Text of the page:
“Full stop, Beechums!” Captain Tomas Vogel swung his body through the metal doorway, landing his boots on the steel floor with a loud bang. Beechums, the automaton that drove the Skyrail, reached out with his brass arms and hauled backwards on the large lever that controlled their speed. With a shuddering jolt, the engines groaned on the Skyrail’s wings, and the airship slowly stopped it’s forward glide to hover in the air.
Tomas’s first mate, Mrs. Jennings, turned to look him squarely in the eye. She was dressed in an elegant ball-gown, a deep velvet black with leather trim and bodice. Her blood red gloves linked fingers as she turned to face her captain, her mouth firm.
“Is something the matter, sir?” she refrained from smirking–quite uncharacteristic, in Tomas’s estimation. Mrs. Jennings hardly ever missed the opportunity to mock any overt display of emotion, least of all from Tomas. He moved to the windows that surrounded the bridge of the Skyrail, and looked out over the ocean. Off in the distance, a small plume of smoke was rising from the water. He pointed.
“Get your glasses checked, Mrs. Jennings,” Tomas grinned fiendishly. “We have a quarry!”
With a dismissive click of her tongue, Mrs. Jennings pulled lightly on a small crimson ribbon that was tied around her neck, and lifted a small pair of opera glasses from her bodice to her eyes. With a click, a small series of lenses snapped outwards, focusing on the distant smoke. After a moment, Mrs. Jennings dropped the glasses onto her dress, and shook her head.
“It’s German,” she said, resolutely, as though that settled the matter. “We should move on.”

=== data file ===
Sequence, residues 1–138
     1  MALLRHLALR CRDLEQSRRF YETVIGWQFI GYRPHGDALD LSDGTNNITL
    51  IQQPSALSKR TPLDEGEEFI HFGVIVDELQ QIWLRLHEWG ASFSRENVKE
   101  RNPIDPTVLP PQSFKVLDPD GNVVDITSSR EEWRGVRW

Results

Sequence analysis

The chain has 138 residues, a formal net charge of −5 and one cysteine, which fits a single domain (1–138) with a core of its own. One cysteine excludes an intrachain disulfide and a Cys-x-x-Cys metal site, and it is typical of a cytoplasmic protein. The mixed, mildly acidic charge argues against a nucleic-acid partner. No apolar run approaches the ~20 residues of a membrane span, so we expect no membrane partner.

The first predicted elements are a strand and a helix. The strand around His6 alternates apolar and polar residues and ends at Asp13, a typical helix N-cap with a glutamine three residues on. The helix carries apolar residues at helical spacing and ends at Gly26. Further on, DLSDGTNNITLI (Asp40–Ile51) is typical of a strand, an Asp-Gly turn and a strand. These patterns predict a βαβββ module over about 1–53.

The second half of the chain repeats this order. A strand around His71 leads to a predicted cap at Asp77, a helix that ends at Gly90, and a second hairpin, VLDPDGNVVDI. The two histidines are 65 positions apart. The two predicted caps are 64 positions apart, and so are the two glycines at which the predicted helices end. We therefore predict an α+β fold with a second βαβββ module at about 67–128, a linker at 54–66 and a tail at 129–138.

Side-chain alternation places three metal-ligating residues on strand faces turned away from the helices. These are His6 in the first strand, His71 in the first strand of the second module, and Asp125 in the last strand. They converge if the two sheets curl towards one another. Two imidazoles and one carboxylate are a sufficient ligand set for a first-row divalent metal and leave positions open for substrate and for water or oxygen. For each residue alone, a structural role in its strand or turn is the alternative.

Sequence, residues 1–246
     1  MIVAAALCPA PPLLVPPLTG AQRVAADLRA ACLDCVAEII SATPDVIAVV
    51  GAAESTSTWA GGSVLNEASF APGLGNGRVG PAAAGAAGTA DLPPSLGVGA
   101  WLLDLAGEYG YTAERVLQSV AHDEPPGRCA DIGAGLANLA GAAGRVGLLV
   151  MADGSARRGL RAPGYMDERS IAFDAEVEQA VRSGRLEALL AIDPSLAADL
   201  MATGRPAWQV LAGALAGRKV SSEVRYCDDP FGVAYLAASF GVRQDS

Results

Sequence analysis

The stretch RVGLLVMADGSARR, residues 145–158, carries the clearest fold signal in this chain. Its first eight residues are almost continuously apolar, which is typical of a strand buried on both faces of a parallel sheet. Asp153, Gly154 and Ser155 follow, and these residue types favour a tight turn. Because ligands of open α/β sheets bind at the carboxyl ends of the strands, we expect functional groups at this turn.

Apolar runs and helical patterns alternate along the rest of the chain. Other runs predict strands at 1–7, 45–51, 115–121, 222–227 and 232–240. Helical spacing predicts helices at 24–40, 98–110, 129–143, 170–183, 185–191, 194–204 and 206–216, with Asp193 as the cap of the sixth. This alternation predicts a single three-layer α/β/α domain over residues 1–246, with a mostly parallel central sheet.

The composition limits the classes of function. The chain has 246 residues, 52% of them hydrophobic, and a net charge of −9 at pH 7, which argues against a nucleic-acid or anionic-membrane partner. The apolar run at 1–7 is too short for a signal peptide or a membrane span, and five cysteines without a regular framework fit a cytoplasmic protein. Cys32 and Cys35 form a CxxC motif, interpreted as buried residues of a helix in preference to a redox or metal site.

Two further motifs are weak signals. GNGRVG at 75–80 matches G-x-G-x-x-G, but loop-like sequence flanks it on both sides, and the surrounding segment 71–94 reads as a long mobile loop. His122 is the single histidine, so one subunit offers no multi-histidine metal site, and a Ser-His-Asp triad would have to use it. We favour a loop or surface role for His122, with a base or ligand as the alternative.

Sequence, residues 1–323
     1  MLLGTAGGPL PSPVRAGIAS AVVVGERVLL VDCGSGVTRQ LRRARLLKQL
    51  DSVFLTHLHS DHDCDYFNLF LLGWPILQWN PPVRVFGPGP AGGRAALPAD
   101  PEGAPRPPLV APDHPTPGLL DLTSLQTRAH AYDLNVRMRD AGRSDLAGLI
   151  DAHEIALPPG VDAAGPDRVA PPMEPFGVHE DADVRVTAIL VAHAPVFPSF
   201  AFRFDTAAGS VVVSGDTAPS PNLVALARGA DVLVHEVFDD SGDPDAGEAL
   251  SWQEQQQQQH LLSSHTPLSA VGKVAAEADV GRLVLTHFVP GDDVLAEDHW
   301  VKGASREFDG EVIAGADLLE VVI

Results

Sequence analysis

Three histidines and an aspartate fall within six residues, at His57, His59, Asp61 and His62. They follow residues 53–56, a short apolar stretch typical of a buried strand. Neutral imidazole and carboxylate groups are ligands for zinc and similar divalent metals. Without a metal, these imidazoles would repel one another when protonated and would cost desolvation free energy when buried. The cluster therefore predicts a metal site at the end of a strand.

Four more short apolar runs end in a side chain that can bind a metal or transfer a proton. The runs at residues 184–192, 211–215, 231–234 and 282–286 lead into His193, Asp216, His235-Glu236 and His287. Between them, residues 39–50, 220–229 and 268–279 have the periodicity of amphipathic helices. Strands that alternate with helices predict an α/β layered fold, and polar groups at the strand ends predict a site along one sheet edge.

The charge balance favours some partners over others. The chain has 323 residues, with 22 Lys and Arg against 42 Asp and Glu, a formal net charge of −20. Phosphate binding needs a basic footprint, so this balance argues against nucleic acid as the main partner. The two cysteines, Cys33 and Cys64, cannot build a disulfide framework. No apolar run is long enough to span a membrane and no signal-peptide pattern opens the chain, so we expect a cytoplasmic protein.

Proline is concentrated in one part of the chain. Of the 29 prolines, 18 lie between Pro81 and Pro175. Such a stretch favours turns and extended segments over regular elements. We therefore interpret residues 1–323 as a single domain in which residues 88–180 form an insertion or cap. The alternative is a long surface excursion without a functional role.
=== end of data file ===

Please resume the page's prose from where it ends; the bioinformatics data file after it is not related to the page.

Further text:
“Phah!” Tomas spat, thumping the window with his fist. “The day we run from a German ship is the day I turn in my hat! Come about, Beechums, and head North! We’ve got a ship to catch!” And he was out the door and running through the hallways of the Skyrail before Mrs. Jennings could protest.
The Skyrail had been an old steam-engine–one of the first, by Gillingsworth’s estimation–before it had been modified by Gillingsworth’s genius, Dorathy’s sweat, and King Wilhelm’s kindly donated money. Now Tomas and his five crew lived quite happily in the airship, taking what they could from those who had too much, and giving it to those who had too little–namely themselves. Leaping down the hallway, Tomas could almost taste the gunpowder in the air again as he headed for the crew-quarters.
With a leap, he grabbed onto one of the metal supports that provided the bones of the Skyrail and landed both feet firmly on the door. The door burst open with a bang, causing his four crewmen to leap to their feet, cards and empty bottles scattering over the room.
“We have a target!” he yelled, grinning like a madman. He dashed across the room towards the large hat rack that dominated one corner. “A fat merchant vessel, too. It’s headed straight for Cliffside. We’ll be dining on caviar and wine tonight!”